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The greatest success story of post-Communist Europe, Prague has become one of the world’s most popular tourist destinations. The energy unleashed by the end of decades of repression during 1989’s bloodless “Velvet Revolution” doesn’t seem to have abated yet, though the infrastructure has markedly improved, making this the perfect time to visit the “City of a Hundred Spires.”
Given its location at the crossroads of west and east, it’s unsurprising that Prague has had a turbulent history. Much of its current architectural glory dates back to the 14th century, during the long reign of Charles IV, King of Bohemia and Moravia and Holy Roman Emperor, who established a university in the city and laid out the New Town. During the 15th century, Prague’s development was hampered by the Hussite Wars, a series of crusades launched by the Holy Roman Empire to subdue the fiercely independent Czech noblemen.
|Prague Art Nouveau|
The Czechs were eventually defeated in 1620 and Prague was ruled by the Hapsburg family for the next 300 years. Much of the Lesser Quarter, on the left bank of the Vltava, was built at this time, its appearance owing much to the Baroque tastes of the Austrian nobility.
With the creation of the modern Czechoslovak state in 1918, Prague was able to regain its status as a European capital (seceded to Vienna during the Hapsburg years.) Though it went on to be occupied by the Nazis and the Soviets, most of its finest buildings escaped World War II essentially intact, thus ensuring its future appeal. It contains one of the world's most pristine and varied collections of architecture, from Art Nouveau to Baroque, Renaissance, Cubist, Gothic, Neo Classical and ultra-modern.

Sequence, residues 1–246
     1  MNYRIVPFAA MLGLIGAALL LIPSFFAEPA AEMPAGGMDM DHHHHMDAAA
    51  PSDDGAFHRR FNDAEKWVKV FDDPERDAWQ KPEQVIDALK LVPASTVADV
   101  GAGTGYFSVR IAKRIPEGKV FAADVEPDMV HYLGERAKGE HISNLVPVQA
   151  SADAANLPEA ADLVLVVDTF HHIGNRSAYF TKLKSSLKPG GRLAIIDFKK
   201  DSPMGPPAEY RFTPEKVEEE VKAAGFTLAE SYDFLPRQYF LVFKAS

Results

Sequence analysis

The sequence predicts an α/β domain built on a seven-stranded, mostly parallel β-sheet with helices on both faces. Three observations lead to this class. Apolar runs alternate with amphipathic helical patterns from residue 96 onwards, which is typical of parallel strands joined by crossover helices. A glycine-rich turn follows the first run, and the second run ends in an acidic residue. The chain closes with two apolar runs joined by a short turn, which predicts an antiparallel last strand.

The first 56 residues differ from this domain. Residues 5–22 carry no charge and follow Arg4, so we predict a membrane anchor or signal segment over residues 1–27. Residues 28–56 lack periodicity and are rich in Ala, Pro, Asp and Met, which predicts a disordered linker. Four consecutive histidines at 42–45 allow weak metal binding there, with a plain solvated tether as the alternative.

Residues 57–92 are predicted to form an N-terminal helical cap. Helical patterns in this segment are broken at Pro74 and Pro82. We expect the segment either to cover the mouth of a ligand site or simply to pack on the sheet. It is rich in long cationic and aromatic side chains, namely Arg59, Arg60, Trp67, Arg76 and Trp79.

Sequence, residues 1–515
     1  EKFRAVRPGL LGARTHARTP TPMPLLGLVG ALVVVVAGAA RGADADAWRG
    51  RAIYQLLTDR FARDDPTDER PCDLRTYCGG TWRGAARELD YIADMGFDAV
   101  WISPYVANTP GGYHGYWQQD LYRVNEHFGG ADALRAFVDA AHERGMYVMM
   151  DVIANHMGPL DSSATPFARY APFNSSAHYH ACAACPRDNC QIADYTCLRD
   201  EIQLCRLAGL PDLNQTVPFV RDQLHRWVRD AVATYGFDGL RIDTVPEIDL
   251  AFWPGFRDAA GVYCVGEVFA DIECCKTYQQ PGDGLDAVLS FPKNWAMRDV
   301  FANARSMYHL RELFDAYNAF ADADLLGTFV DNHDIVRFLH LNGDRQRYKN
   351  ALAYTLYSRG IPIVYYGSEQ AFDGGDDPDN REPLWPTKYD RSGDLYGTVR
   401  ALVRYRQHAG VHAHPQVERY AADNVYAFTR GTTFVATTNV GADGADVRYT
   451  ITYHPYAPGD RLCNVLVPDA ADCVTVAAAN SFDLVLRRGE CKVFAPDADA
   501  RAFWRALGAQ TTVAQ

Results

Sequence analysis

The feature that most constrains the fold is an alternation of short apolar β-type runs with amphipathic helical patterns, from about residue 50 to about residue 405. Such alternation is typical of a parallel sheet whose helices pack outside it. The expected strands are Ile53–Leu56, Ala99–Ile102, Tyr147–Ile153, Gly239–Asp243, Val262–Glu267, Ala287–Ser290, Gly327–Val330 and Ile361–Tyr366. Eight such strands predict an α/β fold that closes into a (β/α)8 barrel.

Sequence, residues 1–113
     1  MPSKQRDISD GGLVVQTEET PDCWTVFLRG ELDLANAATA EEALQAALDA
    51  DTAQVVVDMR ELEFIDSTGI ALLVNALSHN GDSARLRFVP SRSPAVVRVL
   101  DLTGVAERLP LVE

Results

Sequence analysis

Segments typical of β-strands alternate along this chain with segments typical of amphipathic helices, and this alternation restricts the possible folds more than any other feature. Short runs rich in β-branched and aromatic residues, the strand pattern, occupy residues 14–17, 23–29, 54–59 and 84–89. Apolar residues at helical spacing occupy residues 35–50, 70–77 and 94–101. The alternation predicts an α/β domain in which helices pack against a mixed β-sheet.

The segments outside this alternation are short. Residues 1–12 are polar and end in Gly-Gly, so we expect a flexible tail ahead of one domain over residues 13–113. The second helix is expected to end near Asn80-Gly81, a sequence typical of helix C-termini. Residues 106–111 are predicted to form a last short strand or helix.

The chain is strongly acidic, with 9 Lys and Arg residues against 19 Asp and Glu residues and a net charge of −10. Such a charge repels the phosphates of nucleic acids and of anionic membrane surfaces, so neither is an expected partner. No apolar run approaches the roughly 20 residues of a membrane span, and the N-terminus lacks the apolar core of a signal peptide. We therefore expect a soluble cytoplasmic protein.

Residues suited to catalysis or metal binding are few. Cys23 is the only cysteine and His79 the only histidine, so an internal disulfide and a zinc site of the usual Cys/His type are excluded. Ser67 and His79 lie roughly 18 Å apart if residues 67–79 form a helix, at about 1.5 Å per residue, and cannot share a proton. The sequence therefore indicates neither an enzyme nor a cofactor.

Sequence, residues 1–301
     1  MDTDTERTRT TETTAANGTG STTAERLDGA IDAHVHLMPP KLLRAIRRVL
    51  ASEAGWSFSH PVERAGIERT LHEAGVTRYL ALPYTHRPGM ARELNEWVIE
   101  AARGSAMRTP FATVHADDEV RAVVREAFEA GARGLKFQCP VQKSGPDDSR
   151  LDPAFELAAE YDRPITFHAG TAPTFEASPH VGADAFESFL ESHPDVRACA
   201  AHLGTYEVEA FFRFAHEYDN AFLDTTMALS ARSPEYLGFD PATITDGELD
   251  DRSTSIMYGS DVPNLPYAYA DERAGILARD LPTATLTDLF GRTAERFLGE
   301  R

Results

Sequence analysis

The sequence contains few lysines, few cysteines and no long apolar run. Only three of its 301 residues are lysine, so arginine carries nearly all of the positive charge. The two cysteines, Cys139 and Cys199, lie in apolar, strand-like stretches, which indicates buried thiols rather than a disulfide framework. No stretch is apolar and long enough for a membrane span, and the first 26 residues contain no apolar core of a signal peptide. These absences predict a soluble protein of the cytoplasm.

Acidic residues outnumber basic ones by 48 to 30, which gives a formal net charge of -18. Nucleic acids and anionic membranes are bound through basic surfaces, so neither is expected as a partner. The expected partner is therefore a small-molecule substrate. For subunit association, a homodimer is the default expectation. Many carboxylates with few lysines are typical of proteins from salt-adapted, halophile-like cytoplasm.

In contrast to the preserved beauty of its appearance, Prague isn’t known, even now, for the refinement of its cuisine. It’s robustly Central European and fairly heavy, based on meat (usually pork or beef), sauerkraut, dumplings, potatoes and soup (as a starter). It is filling, however, and the game dishes and soups are brought off with true gusto.
Many of the good restaurants are quite small, so it’s best to reserve well ahead of time, as they tend to fill up quickly. Prices are relatively inexpensive by west European standards, although they soar as you approach Old Town Square (Staromestske namesti) and Malo-stranske namesti, so if you're on a budget, eat outside the historical centre.
Czech beer, however, is famous world-wide. The best-known brands are Pilsner (Plzenske) and Budweiser (Budvar), but just as good are Radegast, Staropramen and Velkopopovicky Kozel. The favorite aperitif is Becherovka, a Czech-invented liqueur, potently herbal and touted as having medicinal qualities. Plum brandy (slivovice) is also popular.